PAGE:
White House national security adviser Jake Sullivan is at the center of yet another U.S. foreign policy disaster. During the Obama administration, in his role as a top aide to former secretary of state Hillary Clinton and then-vice president Joe Biden, the highly credentialed wunderkind presided over some of the most humiliating failures in the history of American foreign policy.
Sullivan's extensive experience as an architect of American failure in Syria, Libya, Ukraine, Iran, and Myanmar, plus the fact that White House press secretary Jen Psaki is mysteriously out of the office, made him a natural choice to defend the Biden administration's handling of the rapidly deteriorating situation in Afghanistan.
"It is certainly the case [that] the speed with which cities fell was much greater than anyone anticipated," Sullivan said Monday during an interview with NBC's Savannah Guthrie, who also asked about President Joe Biden's assessment that a Taliban takeover of Afghanistan was "highly unlikely" and "there's going to be no circumstance where you see people being lifted off the roof of an embassy of the United States," as there was in Saigon at the end of the Vietnam War.
Fact check: False. Kimberley Motley, an international human-rights attorney who has worked in Afghanistan for more than a decade, described the situation in the country as a "nightmare" that was "like Saigon on steroids."
Sullivan was unable to muster a compelling response. "To be fair, the helicopter has been the mode of transport from our embassy to the airport for the last 20 years," he said as the network rolled footage of Taliban militants streaming into Kabul.
Perhaps the 44-year-old Sullivan has grown weary of presiding over epic failures. Despite being considered one of the most brilliant foreign policy experts of his generation, Sullivan's résumé is littered with embarrassing debacles, including both of Hillary Clinton's failed presidential campaigns. Afghanistan is merely the most recent example.
In 2011, as a top adviser to then-secretary Clinton, Sullivan helped orchestrate the "kinetic military action" in Libya. Even though the intervention resulted in the death of dictator Muammar Qaddafi, it is widely viewed as a failure. The U.S. ambassador to Libya, Christopher Stevens, was assassinated during the Benghazi terrorist attacks in 2012, and the country would eventually become a haven for Islamic State militants.
Less than a month before Stevens was killed, Sullivan was among the team of experts advising then-president Barack Obama on the escalating civil war in Syria. Obama warned Bashar al-Assad, the Russian-backed dictator, that the use of chemical weapons was a "red line" that would "change my calculus" regarding U.S. military action against the regime.
Assad crossed the red line on multiple occasions, and the United States responded by taking negligible action to deter the slaughter of civilians. Assad remained in power, Russia flexed its military muscle, and the Islamic State established a caliphate in northeast Syria, wreaking havoc in Iraq as well.
During an interview with the New Yorker in 2019, Sullivan said he considered it "a great regret of mine" that "we were not able to more effectively play a role in stopping hundreds of thousands of people from dying in Syria and millions and millions more losing their homes."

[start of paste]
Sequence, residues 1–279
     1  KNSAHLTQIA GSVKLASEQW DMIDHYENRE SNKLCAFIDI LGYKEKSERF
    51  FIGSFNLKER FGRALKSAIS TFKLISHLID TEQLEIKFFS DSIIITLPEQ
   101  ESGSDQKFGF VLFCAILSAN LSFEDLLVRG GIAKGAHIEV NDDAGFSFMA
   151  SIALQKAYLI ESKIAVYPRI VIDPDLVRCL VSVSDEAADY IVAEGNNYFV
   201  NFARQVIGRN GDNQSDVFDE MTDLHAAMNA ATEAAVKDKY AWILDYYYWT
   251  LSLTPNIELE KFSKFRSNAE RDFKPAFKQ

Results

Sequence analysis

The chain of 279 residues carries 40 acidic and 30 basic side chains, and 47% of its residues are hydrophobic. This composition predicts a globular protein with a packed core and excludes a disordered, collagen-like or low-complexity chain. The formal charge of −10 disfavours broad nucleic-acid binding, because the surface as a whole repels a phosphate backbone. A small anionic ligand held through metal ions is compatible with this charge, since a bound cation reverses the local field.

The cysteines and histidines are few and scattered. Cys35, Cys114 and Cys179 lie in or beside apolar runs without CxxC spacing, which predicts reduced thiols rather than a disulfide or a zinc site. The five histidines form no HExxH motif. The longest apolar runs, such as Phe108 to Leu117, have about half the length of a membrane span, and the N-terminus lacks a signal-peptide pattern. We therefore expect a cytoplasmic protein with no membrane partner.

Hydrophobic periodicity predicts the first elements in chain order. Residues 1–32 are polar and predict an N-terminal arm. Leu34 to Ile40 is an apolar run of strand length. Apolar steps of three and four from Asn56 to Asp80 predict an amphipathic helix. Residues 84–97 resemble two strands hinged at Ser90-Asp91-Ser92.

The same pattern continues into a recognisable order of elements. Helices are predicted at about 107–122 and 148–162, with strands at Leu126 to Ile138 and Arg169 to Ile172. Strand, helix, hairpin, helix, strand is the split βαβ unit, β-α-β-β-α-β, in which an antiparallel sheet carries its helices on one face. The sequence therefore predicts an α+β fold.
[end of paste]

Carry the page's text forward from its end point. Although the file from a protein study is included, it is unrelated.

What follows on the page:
By 2014, Obama's failure to enforce his "red line" on chemical weapons in Syria had changed Vladimir Putin's calculus regarding Russian military intervention in Ukraine. Once again, the United States took no significant action to deter Russian forces from destabilizing the country and annexing Crimea. The conflict would claim thousands of lives, including the 298 people aboard Malaysian Airlines Flight 17, which was shot down with a Russian-made missile over eastern Ukraine.
Less than a month after Biden was sworn in as president, the government of Myanmar was ousted in a military coup conducted by individuals responsible for the genocidal atrocities perpetrated against the country's Rohingya population. Foreign Policy magazine called it "a failure of U.S. diplomacy orchestrated by some of [the Biden administration's] own players nearly a decade ago."
In other words, people like Jake Sullivan. In 2011, he was advising Clinton when she described meeting Myanmar opposition leader Aung San Suu Kyi as an "inspiration" and touted the Obama administration's efforts in the country as a diplomatic victory. The celebration was short-lived. Aung San Suu Kyi would go on to assume a senior role in the country's government but would be widely condemned for her refusal to denounce the military's campaign of violence against the Rohingya.
Sullivan, who played a key role in negotiating the failed Iran nuclear deal in 2015, is currently leading the Biden administration's efforts to revive the controversial agreement. He will almost certainly have a major role in crafting the pathetic U.S. response to China's inevitable invasion of Taiwan. He is the Forrest Gump of American decline, and one of the best rebuttals to the American system of meritocracy.
None of these policy failures will hurt Sullivan's glowing reputation among members of the Liberal Élite. After all, his credentials are impeccable: Yale University (Phi Beta Kappa), Rhodes scholar, Yale Law School, Brookings Institution. He was a debate team champion and president of the student council in high school, where he was voted "most likely to succeed." He clerked for Supreme Court justice Stephen Breyer and worked as chief counsel for Sen. Amy Klobuchar (D., Minn.), where he was presumably traumatized by the abuse he suffered.
In any event, these colossal blunders will likely pale in comparison to what he will be able to accomplish as U.S. secretary of state in the Kamala Harris administration.